One project attempting to counter that dynamic is the Palestine Festival of Literature (PalFest), which Hamilton also produces, with a mission of “breaking the cultural siege imposed on Palestinians by the Israeli military occupation.”
Started in 2008, the festival brings artists from the UK, United States and the Arab world to partner up with Palestinian authors in free public events across Palestine. It functions like a traveling literary festival, so isolated audiences can still attend the events, with the 2012 event based in Gaza. The event is intended to have a dual impact of supporting cultural life in Palestine, but also delivering a message and affecting public opinion in the West through the authors involved.
For Hamilton, who has long been involved in Palestinian activism, there’s something about actually traveling there that has a tremendous impact and compels visiting authors to take a stand when they return home.
“I think you don’t really get it until you go, because on the one hand it’s very complicated, in terms of the way that Israel occupies Palestine, it’s so multi-layered,” he said. “People call it the situation, ‘Oh the situation is so complicated it’s the world’s most intractable conflict,’ and so on and so on. And so it’s very easy to kind of back away from it. Whereas if you just go, and you go through Kalandia for the first time, everything just boils down to a very simple, ethnic discrimination, land grab.”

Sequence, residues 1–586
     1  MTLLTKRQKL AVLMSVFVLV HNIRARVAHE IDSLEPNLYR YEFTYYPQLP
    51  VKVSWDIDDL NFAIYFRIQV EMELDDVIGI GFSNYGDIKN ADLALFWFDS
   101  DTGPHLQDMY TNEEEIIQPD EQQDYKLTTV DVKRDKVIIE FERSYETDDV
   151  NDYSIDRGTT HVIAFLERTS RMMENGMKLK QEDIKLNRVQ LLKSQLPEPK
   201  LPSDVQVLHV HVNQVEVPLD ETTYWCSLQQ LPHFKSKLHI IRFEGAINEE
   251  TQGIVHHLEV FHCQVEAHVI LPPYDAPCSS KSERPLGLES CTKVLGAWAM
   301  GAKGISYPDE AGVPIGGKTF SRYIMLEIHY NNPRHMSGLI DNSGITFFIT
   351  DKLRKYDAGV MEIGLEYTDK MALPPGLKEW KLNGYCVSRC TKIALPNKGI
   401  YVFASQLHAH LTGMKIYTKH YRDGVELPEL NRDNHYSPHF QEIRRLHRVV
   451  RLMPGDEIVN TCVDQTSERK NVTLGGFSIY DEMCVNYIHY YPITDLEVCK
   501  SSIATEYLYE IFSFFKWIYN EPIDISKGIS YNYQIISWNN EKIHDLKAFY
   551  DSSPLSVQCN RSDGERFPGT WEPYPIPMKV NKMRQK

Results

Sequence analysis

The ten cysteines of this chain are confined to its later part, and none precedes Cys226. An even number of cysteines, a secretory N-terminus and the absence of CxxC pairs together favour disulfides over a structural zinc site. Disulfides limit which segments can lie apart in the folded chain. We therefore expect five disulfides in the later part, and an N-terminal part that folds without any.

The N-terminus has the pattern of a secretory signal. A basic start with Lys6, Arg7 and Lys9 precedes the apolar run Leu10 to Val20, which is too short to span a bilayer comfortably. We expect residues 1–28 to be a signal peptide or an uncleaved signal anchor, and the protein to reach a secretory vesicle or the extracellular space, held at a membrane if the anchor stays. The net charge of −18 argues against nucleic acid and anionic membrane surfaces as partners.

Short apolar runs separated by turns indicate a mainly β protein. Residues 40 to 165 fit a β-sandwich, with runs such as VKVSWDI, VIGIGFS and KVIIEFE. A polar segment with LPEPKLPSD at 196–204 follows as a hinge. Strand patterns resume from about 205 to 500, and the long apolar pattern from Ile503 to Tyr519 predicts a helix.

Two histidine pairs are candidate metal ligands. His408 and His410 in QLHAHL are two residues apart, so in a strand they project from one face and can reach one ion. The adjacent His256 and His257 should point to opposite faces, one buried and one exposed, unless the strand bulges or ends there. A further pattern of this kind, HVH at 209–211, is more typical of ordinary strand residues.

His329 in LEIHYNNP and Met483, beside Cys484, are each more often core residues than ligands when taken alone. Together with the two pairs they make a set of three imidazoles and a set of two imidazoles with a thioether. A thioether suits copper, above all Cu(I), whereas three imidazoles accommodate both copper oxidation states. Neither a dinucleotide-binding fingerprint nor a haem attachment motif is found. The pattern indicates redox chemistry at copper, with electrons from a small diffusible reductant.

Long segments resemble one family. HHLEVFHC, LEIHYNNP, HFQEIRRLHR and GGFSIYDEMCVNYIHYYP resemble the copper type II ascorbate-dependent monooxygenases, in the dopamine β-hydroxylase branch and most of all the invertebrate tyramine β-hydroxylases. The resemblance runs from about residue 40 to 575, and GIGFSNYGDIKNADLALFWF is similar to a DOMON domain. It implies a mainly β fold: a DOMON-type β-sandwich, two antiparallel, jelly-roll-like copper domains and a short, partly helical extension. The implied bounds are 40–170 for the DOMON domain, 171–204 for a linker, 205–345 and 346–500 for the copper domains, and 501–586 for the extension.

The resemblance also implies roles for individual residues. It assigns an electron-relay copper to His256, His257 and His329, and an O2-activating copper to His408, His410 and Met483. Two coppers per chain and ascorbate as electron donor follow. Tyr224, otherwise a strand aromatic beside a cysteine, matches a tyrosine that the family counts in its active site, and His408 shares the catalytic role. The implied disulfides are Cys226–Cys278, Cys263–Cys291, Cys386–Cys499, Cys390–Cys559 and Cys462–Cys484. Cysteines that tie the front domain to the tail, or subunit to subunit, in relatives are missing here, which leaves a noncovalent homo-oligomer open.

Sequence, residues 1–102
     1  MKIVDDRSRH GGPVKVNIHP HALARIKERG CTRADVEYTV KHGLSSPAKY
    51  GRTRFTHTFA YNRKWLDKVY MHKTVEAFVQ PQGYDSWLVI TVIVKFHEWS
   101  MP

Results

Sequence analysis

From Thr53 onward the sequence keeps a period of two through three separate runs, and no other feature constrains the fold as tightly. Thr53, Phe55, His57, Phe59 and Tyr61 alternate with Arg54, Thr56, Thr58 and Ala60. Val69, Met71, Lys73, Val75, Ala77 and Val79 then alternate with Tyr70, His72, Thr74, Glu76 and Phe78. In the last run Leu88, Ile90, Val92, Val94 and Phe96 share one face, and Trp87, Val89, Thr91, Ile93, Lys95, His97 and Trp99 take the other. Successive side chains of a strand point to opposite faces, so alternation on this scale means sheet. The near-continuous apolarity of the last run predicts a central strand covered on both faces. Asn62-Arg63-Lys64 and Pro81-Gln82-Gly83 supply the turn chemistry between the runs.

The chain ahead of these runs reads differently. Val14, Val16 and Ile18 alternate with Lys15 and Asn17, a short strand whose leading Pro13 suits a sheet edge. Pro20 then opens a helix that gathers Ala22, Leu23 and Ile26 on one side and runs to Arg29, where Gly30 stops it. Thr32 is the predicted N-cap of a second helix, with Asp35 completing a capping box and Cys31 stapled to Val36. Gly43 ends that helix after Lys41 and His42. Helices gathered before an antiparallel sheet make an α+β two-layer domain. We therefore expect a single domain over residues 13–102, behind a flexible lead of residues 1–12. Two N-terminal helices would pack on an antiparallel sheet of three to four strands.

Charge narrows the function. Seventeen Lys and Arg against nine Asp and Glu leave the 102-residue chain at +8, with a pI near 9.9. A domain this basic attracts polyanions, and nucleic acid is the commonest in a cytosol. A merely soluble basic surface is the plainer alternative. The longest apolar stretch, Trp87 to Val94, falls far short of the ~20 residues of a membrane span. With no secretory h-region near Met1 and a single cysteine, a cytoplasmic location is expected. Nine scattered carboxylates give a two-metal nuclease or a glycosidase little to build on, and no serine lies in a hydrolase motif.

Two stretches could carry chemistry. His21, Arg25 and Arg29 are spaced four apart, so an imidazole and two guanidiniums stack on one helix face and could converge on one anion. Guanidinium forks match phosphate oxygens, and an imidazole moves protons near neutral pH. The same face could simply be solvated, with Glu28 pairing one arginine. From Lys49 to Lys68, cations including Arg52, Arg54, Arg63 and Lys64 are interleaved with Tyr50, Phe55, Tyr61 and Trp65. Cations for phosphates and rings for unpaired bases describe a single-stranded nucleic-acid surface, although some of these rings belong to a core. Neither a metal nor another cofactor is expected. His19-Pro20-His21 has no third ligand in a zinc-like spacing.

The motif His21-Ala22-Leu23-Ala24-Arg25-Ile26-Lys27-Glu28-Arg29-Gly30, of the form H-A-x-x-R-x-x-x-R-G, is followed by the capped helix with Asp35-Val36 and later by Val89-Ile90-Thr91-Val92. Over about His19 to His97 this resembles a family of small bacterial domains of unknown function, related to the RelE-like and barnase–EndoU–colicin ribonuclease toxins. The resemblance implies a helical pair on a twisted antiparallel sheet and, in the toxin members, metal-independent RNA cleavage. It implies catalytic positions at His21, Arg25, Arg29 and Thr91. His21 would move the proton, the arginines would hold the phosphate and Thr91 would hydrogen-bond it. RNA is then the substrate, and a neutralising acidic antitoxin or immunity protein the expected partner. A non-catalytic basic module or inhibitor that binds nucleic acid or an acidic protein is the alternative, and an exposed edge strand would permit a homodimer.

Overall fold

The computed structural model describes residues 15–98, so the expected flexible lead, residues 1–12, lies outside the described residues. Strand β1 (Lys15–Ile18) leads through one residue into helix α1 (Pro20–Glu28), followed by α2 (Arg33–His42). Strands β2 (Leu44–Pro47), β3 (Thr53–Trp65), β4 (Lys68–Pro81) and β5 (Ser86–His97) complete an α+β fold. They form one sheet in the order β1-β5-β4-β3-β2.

Two years after his decision to join the revolution, and now after another toppled presidency, Hamilton continues to live in Cairo and is still filming the ongoing, complicated narrative in his home country, bit by bit, planning longer film projects that help tell the larger story of the revolution. Contrary to what he fears many outside of Egypt believe, the revolt in Tahrir Square was about much more than one election.
“It’s very clear to us in Egypt that this is going to be a 10, 15 year struggle. And I think looking back at it and the beginnings of it, the key thing is that you can’t underestimate how transformative a moment it was, in terms of the public psyche and the people’s sense of what they can possibly achieve,” he said. “As much as every time things go wrong, they go wrong in a horrendously violent way, that power that people felt when it began is not going to go away. And the memory of that is not going to go away.”
The BPFF is going on through Sunday, October 27. Find details here.